Stuttering, a speech problem that stigmatizes millions worldwide and has stumped scientists for centuries, could be caused by defects in three genes, a landmark study showed this week.
"People have speculated about the cause of stuttering for thousands of years and finally, we know at least some of the cause," Dennis Drayna, a geneticist and senior author of the study, which was published in the New England Journal of Medicine on Wednesday, told AFP.
Drayna was part of a team of scientists from the National Institute on Deafness and Other Communication Disorders (NIDCD) who analyzed the genes of 123 Pakistanis who stutter and 96 who do not, along with the genes of 550 people from the United States and England, around half of whom stuttered.
Some of the Pakistani study participants had been part of an earlier study that found that people who stutter -- a speech disorder in which a person repeats or prolongs sounds, syllables or words, disrupting the normal flow of speech -- had a mutation in a gene known as GNPTAB.
The new study found stutters had both the same GNPTAB mutations but also mutations in two other genes called GNPTG and NAGPA. People who did not stutter did not have the mutations.
The three genes play a role in steering enzymes to a cell structure called the lysosome where the enzymes break down and recycle cellular components.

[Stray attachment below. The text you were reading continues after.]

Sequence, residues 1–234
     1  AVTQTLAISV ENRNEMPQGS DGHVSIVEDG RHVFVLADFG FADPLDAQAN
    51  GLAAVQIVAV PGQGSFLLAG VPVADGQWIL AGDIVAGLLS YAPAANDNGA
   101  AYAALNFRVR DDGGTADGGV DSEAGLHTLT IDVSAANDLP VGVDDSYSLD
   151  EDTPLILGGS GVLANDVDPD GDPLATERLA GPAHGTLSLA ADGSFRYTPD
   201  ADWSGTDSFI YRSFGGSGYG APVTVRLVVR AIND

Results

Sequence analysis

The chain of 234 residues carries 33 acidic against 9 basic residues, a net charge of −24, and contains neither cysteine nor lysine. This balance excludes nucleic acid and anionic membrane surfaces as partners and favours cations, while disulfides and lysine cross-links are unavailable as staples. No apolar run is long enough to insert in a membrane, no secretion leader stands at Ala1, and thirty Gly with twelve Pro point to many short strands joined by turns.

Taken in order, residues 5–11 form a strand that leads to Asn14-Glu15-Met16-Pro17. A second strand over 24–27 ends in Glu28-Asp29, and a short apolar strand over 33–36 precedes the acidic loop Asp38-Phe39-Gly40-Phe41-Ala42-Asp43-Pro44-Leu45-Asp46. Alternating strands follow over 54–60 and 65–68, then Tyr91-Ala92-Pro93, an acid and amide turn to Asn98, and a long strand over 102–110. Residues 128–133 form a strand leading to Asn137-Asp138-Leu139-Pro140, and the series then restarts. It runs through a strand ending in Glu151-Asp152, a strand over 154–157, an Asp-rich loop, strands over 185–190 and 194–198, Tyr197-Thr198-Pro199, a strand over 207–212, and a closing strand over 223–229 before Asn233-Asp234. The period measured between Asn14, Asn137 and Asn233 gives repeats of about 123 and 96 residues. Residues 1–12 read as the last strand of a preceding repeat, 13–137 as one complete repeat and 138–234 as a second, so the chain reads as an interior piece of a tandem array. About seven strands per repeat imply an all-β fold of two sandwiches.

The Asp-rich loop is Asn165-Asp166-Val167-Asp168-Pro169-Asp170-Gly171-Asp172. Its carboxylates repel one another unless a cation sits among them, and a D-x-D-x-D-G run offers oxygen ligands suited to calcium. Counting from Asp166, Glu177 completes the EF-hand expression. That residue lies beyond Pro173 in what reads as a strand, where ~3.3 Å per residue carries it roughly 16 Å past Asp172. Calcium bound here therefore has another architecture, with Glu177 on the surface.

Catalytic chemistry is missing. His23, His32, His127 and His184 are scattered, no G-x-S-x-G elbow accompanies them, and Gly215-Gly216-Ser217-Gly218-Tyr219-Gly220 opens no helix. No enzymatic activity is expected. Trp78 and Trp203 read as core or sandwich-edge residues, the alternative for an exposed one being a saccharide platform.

Mutations in GNPTAB and GNPTG are already known to play a key role in two forms of mucolipidosis, a rare disorder where improperly recycled cell components accumulate in the lysosome and cause joint, skeletal, heart, liver, spleen and motor-system problems, along with developmental and speech problems.
NAGPA, which is also linked to the lysosome, was associated for the first time in this study with a disorder in humans -- stuttering.
The study is the first to "pinpoint specific gene mutations as the potential cause of stuttering, and by doing so, might lead to a dramatic expansion in our options for treatment," said James Battey, director of the NIDCD.
Drayna explained: "The mutations found in the study are in genes associated lysosomal disorders.
"A recent exciting development in lysosomal disorders is enzyme replacement therapy, where you simply give back the enzyme that is defective to people with the disorder," he told AFP.
"So we now have the exciting possibility that in future, we could also use enzyme replacement therapy to correct stuttering," he said.
The findings will also reassure parents of children who stammer, and help to remove the stigma associated with the speech problem, Jane Fraser, president of the Stuttering Foundation, told AFP.
"The findings of this study say this is biological. That will lift a burden of guilt from parents' shoulders," Fraser said.
"Everyday, we get hundreds of calls from parents and the first question mothers and fathers ask is: 'Did we cause our child's stuttering?' or 'What did we do wrong?' This will reassure them," Fraser said.
"And for adults who stutter, it will lift a stigma, because people won't be able to say things like 'It's all in his head' anymore," she said.
But, she added, therapists will have to continue to focus on the cognitive behavior therapies and speech tools they use now to help stutterers, as "any gene therapy for stuttering is a long way off."
Researchers at the University of Punjab in Lahore, Pakistan; the Hollins Communications Research Institute in Virginia, and other research institutes that, like NIDCD, are part of the US National Institutes of Health, also took part in the study.